Since many new parts had to be made, and probably can't be used for any other wrestler anyway, the parts were tailor-made for her body type and given lots of sculpted details. You won't see any of the nonsense the other female figures have where their clothes are simply painted on. The little clasps on the thighs, the wrist wrap, glove, the choker, even the laces and tassels on the top are sculpted. The result is a figure that feels worth the price tag.
Asuka, The Empress of Tomorrow, has no patience for the minutia of the past, like tying shoelaces, or remembering to wear underwear UNDER her hotpants. During her time under the name of "Kana", she wrestled barefoot with kickpads to protect opponents from her savage blows. Due to petty things like OSHA regulations and basic human rights, she has to at least wear five-finger-style shoes while dominating in the WWE.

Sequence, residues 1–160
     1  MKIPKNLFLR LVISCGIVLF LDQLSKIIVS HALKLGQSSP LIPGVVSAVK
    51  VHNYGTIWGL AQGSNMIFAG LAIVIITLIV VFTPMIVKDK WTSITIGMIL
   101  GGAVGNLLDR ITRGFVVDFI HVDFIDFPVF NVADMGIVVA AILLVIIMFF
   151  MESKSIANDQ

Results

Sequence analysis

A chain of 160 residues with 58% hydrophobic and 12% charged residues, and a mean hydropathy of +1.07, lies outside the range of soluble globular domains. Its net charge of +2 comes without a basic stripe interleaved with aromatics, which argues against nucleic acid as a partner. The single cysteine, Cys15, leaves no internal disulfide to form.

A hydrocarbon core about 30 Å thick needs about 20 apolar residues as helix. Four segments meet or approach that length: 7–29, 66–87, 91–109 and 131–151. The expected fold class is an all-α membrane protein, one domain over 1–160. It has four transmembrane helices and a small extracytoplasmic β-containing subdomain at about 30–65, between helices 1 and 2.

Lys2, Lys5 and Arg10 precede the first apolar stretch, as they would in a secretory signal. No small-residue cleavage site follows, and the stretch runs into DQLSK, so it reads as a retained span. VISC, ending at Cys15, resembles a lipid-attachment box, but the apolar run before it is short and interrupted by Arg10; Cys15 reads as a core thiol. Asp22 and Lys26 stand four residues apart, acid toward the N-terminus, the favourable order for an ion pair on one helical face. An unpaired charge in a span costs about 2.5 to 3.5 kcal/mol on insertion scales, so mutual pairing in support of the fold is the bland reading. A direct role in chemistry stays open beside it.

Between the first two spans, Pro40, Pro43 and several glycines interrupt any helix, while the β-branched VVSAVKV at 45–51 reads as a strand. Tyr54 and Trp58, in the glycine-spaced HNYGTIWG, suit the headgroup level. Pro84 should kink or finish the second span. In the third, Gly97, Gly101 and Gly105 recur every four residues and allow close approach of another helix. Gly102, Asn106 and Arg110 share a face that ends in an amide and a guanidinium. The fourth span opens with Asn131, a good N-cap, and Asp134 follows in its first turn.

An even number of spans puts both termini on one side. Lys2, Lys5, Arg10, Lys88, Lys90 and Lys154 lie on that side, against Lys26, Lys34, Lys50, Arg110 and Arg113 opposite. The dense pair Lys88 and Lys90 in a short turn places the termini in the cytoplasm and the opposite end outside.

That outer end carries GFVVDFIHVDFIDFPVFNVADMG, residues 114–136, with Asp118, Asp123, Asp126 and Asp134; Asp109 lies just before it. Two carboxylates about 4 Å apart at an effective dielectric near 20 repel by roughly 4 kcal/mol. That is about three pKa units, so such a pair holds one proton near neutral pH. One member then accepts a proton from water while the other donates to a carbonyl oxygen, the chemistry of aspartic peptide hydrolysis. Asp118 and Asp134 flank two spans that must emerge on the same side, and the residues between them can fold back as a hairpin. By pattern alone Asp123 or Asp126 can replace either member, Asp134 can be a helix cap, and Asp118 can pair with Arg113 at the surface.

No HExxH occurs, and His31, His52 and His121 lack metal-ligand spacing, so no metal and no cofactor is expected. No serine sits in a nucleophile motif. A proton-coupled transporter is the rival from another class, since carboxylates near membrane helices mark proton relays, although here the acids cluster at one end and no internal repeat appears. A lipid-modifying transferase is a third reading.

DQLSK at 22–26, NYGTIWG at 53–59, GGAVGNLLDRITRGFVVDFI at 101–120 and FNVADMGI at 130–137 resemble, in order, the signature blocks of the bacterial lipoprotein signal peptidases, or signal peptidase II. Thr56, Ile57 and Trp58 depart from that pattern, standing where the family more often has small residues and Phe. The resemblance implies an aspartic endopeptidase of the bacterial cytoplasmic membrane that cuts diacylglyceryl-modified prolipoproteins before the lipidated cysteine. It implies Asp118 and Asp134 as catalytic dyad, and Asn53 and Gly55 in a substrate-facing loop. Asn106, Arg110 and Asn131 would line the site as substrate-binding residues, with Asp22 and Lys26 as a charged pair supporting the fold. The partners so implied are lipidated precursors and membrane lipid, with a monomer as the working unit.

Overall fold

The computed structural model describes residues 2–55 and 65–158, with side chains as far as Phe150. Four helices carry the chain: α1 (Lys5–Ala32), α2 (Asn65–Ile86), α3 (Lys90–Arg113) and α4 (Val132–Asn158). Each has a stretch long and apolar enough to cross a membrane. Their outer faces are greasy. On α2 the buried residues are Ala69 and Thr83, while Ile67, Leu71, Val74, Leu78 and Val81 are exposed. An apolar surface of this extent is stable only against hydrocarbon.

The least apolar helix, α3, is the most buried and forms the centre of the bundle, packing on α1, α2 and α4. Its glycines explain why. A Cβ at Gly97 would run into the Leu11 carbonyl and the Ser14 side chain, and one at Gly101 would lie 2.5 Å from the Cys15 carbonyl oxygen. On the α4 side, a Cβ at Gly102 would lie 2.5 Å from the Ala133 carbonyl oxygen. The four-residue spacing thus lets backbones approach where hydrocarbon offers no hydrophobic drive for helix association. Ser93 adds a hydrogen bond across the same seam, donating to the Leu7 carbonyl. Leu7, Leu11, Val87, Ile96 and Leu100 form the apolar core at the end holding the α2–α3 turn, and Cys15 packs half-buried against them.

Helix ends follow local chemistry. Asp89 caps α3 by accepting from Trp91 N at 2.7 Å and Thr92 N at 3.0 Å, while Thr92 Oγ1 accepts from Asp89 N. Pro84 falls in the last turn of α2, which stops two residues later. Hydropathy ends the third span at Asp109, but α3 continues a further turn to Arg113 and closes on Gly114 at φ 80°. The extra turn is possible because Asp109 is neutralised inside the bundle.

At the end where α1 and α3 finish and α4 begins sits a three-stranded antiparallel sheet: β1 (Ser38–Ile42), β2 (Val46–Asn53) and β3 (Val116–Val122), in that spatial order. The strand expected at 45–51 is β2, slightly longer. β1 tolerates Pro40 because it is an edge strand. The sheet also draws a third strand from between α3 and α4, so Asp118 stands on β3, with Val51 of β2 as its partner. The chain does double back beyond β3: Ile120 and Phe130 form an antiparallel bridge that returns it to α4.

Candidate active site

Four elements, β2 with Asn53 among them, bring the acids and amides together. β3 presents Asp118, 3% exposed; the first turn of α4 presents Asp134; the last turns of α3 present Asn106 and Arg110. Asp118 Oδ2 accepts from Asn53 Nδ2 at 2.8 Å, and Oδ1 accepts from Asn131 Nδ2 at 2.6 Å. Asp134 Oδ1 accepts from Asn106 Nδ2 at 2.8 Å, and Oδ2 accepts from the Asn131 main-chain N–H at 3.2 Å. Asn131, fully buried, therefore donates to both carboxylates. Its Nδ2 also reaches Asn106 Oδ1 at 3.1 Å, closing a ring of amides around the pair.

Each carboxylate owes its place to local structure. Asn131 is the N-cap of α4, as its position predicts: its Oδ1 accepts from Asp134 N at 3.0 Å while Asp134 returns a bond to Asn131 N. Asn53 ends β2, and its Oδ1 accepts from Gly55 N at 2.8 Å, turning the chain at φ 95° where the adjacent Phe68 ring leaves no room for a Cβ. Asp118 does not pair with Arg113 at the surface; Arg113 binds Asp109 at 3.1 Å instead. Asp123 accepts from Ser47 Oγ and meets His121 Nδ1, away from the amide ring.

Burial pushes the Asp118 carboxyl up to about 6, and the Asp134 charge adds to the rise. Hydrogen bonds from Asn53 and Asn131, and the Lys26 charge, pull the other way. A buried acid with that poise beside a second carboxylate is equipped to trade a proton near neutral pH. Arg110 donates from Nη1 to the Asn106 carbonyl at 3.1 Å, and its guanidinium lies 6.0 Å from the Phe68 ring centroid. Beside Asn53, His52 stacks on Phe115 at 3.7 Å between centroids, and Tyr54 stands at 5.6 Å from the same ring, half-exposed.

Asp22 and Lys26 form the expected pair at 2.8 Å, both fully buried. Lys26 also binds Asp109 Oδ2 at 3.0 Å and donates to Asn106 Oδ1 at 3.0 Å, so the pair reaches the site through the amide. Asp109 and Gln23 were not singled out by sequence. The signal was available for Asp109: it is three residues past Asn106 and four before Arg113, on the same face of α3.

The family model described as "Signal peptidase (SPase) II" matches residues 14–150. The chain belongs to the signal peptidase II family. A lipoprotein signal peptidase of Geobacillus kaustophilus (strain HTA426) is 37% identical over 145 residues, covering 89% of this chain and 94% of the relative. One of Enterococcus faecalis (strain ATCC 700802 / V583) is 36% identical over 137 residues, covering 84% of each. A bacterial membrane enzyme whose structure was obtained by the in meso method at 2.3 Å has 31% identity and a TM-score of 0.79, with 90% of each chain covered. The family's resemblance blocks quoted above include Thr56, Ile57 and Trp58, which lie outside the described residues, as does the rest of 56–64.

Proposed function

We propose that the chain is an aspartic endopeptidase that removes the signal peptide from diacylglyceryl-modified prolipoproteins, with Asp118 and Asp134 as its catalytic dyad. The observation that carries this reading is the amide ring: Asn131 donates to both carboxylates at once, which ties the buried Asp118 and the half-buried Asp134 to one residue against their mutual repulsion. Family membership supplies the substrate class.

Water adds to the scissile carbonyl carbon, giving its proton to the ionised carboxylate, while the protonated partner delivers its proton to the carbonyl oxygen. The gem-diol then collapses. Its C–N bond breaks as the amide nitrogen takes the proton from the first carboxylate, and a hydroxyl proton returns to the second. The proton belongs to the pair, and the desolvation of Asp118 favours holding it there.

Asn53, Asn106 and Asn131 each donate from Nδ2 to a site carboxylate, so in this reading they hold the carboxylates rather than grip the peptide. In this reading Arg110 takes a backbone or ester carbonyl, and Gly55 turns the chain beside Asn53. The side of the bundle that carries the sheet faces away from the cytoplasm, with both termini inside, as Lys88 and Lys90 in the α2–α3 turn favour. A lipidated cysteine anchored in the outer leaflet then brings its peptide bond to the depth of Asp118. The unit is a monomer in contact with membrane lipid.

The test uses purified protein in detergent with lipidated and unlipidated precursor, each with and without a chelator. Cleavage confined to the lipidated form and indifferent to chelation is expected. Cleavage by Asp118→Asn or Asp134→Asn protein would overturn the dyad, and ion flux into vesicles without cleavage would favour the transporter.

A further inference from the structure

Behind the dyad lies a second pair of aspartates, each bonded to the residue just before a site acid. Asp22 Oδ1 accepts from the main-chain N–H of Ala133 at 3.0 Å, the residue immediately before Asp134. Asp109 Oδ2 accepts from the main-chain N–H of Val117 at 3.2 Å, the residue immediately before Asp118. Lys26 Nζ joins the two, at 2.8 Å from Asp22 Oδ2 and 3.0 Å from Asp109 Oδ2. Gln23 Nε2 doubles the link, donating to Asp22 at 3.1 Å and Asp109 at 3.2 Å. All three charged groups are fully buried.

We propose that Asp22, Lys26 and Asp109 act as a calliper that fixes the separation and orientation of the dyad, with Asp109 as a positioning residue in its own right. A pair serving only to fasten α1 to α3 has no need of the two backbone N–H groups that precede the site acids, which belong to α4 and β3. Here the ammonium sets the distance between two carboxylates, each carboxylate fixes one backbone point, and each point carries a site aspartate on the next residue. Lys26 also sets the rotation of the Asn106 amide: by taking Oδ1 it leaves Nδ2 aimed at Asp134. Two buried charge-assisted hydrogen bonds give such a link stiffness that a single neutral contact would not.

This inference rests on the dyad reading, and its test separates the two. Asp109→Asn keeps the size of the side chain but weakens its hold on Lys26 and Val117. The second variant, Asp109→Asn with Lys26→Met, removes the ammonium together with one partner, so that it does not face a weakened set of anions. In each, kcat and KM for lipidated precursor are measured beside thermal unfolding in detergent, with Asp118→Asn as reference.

However, it does bug me that the tiger-bikini isn't sculpted, though I'm guessing that facilitates the paint apps. The shape of the pelvis piece itself bothers me a little, I think it needed a little more refining, at least to let the legs close more.
The ubiquitous pimp-hand that plagues all the female wrestler figures is here in full force, but it's not totally useless on Asuka. Combined with the gripping hand, it helps make some moves look better, like an arm bar or snap suplex.
At some point, Kana accidentally managed to enrage every female wrestler ever with a written manifesto about how much they all suck (it was a scripted event, but had unintended consequences). Instead of letting the heat cripple her career, she absorbed it like the monster heel she was and turned it into a fireball of success that's apparently still smoldering in storylines throughout the female Japanese wrestling community today.